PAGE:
House GOP would rather shut down the government than fix the border

Republicans are so intent on creating more chaos at the border that they’re risking another partial government shutdown. There’s agreement on five of the six funding bills that need to pass by Friday in order to avert a shutdown, but the House GOP’s refusal to adequately fund the Department of Homeland Security threatens everything.

“Republicans want to underfund DHS, which makes the border less secure and the country less safe,” a White House official told Politico Sunday. Republicans are trying to “sow chaos on the border ahead of November,” the official said. That definitely seems to be the strategy.

House Republicans pushed for a continuing resolution for the rest of the year for Homeland Security, which would have effectively been a cut to the department. It would continue funding at 2023 levels, and not account for inflation. Democrats offered an additional $1.56 billion in additional funding to secure the border, according to Politico, but Republicans rejected that offer.

Top-level White House staff reportedly “made it clear” to House Speaker Mike Johnson that his proposed funding levels would cripple border security. 

“This means less agents to secure our border, less officers to protect the traveling public, less people to go after drug traffickers than today, less detention beds than today, as well as diminished capacity to respond to disasters, cybersecurity incidents and national security threats,” one official told Politico.

While the border stalemate continues, the odds of a shutdown increase due to time constraints.

The funding bill should have been released Sunday to get it turned around in time because both congressional chambers are out today, and House rules require 72 hours to consider legislation before it comes to the floor. Had legislators met the Sunday deadline, the bill would have been considered Thursday—the day before the shutdown deadline—with the Senate having just one day to turn it around.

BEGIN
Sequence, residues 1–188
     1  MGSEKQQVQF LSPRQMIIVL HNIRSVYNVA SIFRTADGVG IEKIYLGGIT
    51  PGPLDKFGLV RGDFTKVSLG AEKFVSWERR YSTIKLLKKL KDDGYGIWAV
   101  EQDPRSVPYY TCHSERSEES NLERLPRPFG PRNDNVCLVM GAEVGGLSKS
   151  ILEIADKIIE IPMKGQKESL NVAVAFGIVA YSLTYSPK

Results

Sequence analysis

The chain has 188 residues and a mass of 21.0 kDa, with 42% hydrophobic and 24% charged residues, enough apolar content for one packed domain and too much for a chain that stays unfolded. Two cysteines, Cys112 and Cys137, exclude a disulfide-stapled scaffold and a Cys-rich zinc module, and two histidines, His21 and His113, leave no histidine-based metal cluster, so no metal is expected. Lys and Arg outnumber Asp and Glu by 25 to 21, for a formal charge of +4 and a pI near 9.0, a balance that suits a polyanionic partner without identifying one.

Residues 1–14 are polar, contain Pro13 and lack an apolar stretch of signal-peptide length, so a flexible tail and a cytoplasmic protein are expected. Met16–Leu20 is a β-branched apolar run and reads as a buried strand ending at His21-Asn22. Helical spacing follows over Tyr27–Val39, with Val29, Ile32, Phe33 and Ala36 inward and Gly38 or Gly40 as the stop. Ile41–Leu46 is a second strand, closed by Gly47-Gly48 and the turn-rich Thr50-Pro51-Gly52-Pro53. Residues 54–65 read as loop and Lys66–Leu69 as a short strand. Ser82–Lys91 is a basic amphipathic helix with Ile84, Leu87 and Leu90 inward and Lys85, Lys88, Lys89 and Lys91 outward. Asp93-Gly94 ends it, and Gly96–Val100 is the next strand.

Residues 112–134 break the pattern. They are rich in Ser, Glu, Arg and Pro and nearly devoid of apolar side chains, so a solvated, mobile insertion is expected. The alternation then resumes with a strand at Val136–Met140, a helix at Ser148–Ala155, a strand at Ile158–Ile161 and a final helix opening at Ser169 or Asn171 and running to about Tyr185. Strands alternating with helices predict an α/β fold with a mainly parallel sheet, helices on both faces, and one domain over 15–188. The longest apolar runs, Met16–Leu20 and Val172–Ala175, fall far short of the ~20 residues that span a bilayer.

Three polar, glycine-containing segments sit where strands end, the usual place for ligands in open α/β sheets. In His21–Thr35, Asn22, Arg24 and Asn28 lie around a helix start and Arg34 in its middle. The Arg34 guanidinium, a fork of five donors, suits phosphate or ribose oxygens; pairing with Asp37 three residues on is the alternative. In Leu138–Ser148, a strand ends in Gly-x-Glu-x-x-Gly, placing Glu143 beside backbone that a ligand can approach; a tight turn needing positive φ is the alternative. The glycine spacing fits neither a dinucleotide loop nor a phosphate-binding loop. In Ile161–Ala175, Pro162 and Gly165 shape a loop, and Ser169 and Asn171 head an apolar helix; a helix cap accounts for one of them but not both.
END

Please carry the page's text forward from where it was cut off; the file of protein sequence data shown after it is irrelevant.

The funding deal wasn’t released on Sunday because of this dispute. It’s looking unlikely that it will be released on Monday, which means that a partial shutdown this weekend is a very real possibility.

A partial shutdown would be resolved relatively quickly, but even a short-term shutdown costs the government. Agencies have to make contingency plans, deciding which employees are essential and which have to be furloughed. It means lost fees and revenue, as well as administrative costs to both shut down and start government agencies back up, and back pay for furloughed federal employees.

A shutdown would mean about two-thirds of IRS agents would be furloughed—in the middle of tax season. It would mean that 1.3 million active duty troops would have to work without pay, along with essential airport security staff (which could cause nationwide flight delays, like in 2019). During the 2019 shutdown, nearly 8% of TSA staff participated in sick-outs to protest having to work without pay.

As usual, House Republicans are willing to play chicken with government funding. Their game plan is clear: keep the one issue they have public support on alive by not funding border security. After all, they killed the bipartisan border security bill because they don’t actually want better border security. They want an election issue to campaign on. 


Republicans got exactly what they wanted. Now they’re trying to kill it

News flash for House hard-liners: Shutdowns cost billions

Republicans would rather campaign on the border crisis than solve it

This poll confirms it: Immigration is all Republicans have left

The ripple effects of the Dobbs decision are impacting not only the right to an abortion but also abortion funding, IVF, and even recreational sex. Joining us on this week’s episode of “The Downballot” is Grace Panetta, a political reporter at The 19th who has closely covered the electoral consequences of this ever-widening set of issues. Panetta highlights key races this year where reproductive rights will take center stage, including ballot initiatives in multiple states, efforts to repeal bans on public funding of abortions, and an upcoming special election in Alabama, the state that just thrust IVF into the limelight.

Campaign Action